After a worrisome wait, the Houston Rockets can finally get working on moving forward with James Harden and whatever that winds up entailing, as it’s being reported that Harden arrived in Houston today and is currently going through COVID testing protocol in order to participate in training camp.
Rockets coach Stephen Silas confirms that James Harden got tested in Houston today. "That's pretty much all I know," he said. https://t.co/HVl2OmoJy9— Tim MacMahon (@espn_macmahon) December 8, 2020
Rockets head coach Stephen Silas says James Harden has returned to Houston pic.twitter.com/IJrBPaONLJ— Adam Spolane (@AdamSpolane) December 8, 2020
In addition, it’s also being reported that Harden has opened up his possible trade destinations, with the Philadelphia 76ers now on his short list of preferable teams.
Teams would be reluctant to give up the assets required to get a player of Harden’s caliber without confidence that he would be willing to remain long-term. Few contenders have ability to furnish Houston with the combination of assets that it’s seeking to consider dealing Harden. https://t.co/VQlSZCrUAa— Adrian Wojnarowski (@wojespn) December 8, 2020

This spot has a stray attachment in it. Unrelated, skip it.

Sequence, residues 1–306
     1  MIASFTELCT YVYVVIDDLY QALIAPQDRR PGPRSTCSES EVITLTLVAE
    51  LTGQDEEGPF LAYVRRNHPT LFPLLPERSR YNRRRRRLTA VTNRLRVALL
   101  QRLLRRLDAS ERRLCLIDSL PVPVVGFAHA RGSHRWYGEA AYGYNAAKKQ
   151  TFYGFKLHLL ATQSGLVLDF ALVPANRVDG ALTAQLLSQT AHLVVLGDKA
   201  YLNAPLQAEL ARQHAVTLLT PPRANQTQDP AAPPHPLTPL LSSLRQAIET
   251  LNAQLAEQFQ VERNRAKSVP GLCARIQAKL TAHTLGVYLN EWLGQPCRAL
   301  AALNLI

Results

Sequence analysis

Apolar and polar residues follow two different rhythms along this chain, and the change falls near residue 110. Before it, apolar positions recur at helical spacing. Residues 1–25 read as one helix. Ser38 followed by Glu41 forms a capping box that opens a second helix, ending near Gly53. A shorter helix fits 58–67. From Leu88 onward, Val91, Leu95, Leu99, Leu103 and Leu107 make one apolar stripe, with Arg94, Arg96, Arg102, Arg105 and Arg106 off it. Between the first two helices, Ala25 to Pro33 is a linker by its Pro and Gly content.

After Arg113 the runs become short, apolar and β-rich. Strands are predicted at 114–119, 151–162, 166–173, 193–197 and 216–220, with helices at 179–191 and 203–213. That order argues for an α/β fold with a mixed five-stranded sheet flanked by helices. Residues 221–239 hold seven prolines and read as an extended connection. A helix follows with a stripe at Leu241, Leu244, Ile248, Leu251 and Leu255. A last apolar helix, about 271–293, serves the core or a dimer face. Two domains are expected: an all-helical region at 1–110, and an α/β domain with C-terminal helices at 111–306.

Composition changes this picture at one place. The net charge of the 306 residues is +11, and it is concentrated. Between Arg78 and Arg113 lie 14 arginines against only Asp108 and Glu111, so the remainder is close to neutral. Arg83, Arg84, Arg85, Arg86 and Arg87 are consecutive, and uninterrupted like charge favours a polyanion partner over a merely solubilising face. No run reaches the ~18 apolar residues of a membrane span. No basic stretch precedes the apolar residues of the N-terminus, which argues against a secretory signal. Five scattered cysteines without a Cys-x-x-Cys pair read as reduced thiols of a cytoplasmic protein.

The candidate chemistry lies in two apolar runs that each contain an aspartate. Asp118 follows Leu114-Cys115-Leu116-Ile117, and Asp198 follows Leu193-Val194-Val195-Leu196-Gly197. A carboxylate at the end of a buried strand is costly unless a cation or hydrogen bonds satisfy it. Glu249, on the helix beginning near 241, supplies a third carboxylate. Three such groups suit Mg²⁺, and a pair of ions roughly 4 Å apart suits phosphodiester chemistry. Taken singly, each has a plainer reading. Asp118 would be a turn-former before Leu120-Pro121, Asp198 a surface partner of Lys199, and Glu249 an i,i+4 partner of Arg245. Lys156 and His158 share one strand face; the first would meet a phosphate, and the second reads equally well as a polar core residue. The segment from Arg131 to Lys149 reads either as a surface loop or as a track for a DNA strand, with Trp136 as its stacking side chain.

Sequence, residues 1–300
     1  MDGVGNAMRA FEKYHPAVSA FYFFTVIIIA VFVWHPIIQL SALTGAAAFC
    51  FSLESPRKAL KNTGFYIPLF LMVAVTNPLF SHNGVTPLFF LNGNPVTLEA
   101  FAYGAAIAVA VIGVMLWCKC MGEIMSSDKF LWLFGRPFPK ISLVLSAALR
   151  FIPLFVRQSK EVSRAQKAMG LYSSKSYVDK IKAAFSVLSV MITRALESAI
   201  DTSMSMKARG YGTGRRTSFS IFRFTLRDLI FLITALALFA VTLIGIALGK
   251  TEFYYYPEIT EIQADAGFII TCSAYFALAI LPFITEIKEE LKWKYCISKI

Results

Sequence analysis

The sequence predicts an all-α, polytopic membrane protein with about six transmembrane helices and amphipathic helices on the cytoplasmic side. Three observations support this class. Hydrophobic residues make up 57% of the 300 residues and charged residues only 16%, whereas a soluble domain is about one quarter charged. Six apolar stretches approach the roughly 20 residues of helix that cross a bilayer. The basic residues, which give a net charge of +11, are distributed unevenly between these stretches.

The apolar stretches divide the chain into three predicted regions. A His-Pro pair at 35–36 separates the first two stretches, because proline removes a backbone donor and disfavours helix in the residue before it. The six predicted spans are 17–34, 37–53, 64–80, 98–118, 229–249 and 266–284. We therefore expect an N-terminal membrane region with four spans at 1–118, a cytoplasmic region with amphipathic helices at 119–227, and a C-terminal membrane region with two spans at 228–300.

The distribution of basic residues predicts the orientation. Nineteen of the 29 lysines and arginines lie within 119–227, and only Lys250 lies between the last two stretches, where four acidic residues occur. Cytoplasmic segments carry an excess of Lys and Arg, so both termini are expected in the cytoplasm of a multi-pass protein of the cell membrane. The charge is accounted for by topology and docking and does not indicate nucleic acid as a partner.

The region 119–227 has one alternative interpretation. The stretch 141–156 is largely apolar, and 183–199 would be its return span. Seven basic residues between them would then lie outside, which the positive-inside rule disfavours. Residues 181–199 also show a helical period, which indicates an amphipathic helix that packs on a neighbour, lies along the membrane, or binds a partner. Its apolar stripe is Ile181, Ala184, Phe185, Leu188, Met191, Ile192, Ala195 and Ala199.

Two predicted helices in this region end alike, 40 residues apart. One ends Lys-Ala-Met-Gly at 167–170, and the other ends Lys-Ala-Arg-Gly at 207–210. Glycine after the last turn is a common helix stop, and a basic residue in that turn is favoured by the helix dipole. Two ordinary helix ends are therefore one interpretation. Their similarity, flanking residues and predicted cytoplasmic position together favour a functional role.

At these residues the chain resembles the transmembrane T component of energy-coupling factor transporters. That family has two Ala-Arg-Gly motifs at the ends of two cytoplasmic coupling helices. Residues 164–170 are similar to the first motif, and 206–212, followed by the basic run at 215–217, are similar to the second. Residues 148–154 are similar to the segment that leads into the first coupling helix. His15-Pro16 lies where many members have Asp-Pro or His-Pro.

So even though Harden doesn’t have a no-trade clause, he essentially must okay any deal that goes through, or the trading team’s gonna say no without that guarantee he’s coming willingly. So while there’s not an official no-trade, it basically is one by virtue of Harden’s star power alone and the extensive player/draft pick ammunition it would require to acquire him via trade.
But before we get that far, let’s focus on that this is good news. Harden is here, he’s going to be with his teammates and new coach Stephen Silas, and if there’s any way to repair this relationship and begin the process of convincing him to stay, it happens now.
Something similar happened with Hakeem Olajuwon in 1992, where a dispute with management led to a much-publicized trade request that made Dream appear as good as gone. But amends were made at the last moment between player and ownership/management, keeping Dream a Rocket and later paying off in two titles.
Now Harden is no Olajuwon in leadership qualities, but the analogy is made because just having Harden back in the building, having a dialogue, just out there hooping with the guys, is the best way to salvage this.
Maybe you salvage it forever and ride off into the sunset with a ring, a la Hakeem. Maybe you salvage it for just the season. Maybe you salvage it to the trade deadline when his value could be through the roof.
And if it can’t be salvaged, you still have the guy here, having those conversations about what a realistic trade looks like for both parties so that Harden goes where he wants and the Rockets also get the best deal possible. These two parties have been good to each other over the years; Harden to the Rockets and likewise the Rockets to Harden. There’s no need for it to end in animosity.
Either way, this is a good thing, Rockets fans. How it ultimately turns out is anyone’s guess.